Friday, March 27, 2015

Review - "Where Trust Lies" by Janette Oke and Laurel Oke Logan

Where Trust Lies
by Janette Oke and Laurel Oke Logan
Return to the Canadian West series, Book #2
Published by Bethany House Publishers
336 Pages
Target Audience: Adults
Genres: Christian Fiction, Historical Fiction, Christian Romance
About this book:
"She loves her friends and students in the West, but family obligations have called her home. Where does she truly belong?

After a year of teaching in the Canadian West, Beth Thatcher returns home to her family. She barely has time to settle in before her mother announces plans for a family holiday--a luxurious steamship tour along the eastern coast of Canada and the United States. Hoping to reconnect with her mother and her sisters, Beth agrees to join them, but she quickly realizes that things have changed since she went away, and renewing their close bond is going to be more challenging than she expected.

There's one special thing to look forward to--letters and telephone calls from Jarrick, the Mountie who has stolen her heart. The distance between them is almost too much to bear. But can she give her heart to Jarrick when it will mean saying good-bye to her family once again--and possibly forever? And will she still want to live in the western wilds after the steamship tour opens up a world of people and places she never imagined?

Then comes a great test of Beth's faith. Someone in her family has trusted the wrong person, and suddenly everything Beth knows and loves is toppled. Torn between her family and her dreams, will Beth finally discover where her heart truly belongs?

A companion story to Hallmark Channel's When Calls the Heart TV series!"
"Where Trust Lies" is the second book in the Return to the Canadian West series. The storyline picks up basically right after where the first book left off. Because it starts right after where the first book ended, I personally would not recommend this book as a stand alone as some things might not make much sense if you haven't read the first book in the series.

Beth Thatcher is returning home to her family after spending a year as a teacher in the mining town of Coal Valley. She is hoping to spend some time with her family, and while at home, she is also hoping to receive a letter of invitation to teach in Coal Valley for the next school year. However, as soon as she returns home she finds out that her family has plans to travel on a steamship tour and would like her to come along. Although she wanted to spend some time at home for awhile, Beth agrees to traveling so she can spend time with her family. However, not everything they encounter during their travels is as it seems. When something terrible happens, will Beth trust in God to help her and her family get through the devasting ordeal?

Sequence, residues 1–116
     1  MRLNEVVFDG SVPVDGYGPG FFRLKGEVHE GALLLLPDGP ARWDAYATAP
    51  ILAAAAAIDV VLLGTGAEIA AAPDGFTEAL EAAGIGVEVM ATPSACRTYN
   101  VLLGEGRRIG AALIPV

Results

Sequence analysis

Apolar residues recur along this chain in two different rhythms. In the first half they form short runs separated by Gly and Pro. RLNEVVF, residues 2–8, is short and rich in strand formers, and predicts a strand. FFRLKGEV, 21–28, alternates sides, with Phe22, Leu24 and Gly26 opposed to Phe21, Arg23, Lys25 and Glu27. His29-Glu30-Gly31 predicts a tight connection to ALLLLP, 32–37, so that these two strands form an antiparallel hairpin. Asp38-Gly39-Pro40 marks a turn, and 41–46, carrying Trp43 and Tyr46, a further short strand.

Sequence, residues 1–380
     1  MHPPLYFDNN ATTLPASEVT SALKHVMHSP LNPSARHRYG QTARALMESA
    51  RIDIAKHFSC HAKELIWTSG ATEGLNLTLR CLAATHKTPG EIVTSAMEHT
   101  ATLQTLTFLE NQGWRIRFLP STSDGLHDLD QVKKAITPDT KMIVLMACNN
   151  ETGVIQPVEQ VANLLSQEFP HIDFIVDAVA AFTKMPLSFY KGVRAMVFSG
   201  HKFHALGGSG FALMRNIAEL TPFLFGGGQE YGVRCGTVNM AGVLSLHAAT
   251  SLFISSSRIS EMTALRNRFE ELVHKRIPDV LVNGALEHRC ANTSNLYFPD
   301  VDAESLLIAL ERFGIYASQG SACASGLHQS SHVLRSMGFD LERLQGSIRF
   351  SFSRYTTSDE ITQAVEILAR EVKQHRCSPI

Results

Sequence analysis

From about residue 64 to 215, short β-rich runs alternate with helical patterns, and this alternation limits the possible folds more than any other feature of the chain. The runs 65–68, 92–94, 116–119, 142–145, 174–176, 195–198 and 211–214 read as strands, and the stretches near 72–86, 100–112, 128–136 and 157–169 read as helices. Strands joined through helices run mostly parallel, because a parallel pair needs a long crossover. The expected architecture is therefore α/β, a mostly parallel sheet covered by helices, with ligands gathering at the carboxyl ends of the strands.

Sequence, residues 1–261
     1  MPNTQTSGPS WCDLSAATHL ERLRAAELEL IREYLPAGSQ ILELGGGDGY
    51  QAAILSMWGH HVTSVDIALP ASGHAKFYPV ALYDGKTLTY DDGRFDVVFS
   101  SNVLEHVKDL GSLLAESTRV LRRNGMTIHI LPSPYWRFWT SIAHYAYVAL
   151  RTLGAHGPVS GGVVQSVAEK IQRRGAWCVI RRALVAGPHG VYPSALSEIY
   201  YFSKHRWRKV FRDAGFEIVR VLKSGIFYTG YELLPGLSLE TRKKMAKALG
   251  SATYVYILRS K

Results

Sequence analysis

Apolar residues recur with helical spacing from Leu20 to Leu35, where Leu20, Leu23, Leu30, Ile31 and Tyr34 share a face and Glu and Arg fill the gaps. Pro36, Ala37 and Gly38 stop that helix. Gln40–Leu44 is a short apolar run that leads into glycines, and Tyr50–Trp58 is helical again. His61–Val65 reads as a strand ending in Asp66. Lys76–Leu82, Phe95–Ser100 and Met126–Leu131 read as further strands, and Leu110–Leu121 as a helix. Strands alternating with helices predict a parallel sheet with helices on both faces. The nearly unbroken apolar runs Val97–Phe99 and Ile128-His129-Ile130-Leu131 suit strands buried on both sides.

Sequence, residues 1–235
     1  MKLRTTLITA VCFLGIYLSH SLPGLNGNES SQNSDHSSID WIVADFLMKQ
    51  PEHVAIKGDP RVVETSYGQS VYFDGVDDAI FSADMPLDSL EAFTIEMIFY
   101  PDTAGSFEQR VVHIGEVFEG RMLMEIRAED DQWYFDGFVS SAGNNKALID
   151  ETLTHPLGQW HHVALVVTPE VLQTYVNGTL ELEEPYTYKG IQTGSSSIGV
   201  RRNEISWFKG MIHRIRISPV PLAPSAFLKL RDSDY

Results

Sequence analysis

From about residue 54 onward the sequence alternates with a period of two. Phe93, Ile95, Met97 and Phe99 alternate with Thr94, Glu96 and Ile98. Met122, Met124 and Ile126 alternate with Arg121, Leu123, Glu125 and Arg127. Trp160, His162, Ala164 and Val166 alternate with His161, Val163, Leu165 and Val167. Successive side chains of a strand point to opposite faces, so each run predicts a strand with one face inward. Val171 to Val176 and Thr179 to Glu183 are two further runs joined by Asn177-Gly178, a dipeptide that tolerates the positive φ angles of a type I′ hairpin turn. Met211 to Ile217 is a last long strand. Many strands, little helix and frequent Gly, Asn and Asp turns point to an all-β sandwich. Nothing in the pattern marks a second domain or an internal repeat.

I thought "Where Trust Lies" was a good continuation of the Return to the Canadian West series. While I prefer the first book in the series to this one because I enjoyed the setting and people of Coal Valley more, I still very much enjoyed reading the continuation of Beth's story. It was interesting to read about the different places Beth and her family traveled to while on their trip. I also liked reading and finding out more about Beth's family.

Just as I liked seeing Beth's strong faith in God in the first book, I liked seeing her grow in her faith in this one as well. She is trying to figure out where God is leading her and what His will is for her life, including whether or not she is supposed to return to Coal Valley to teach again. Beth is also trying to figure out her romantic relationship with Jarrick and whether or not he is the man God wants her to be with, and if he's not, if she will be able to let him go. When something devastating occurs, Beth must also trust in God to get her and her family through the difficult time.

The pace of the story is on the slower side. While I didn't mind the pace, some may find this book boring because a lot of the story didn't have a lot of action.

Overall, I really enjoyed "Where Trust Lies" as a sequel to "Where Courage Calls"! It was a nice continuation of Beth's story with a good theme of trust. I look forward to reading more books in this series if more are published.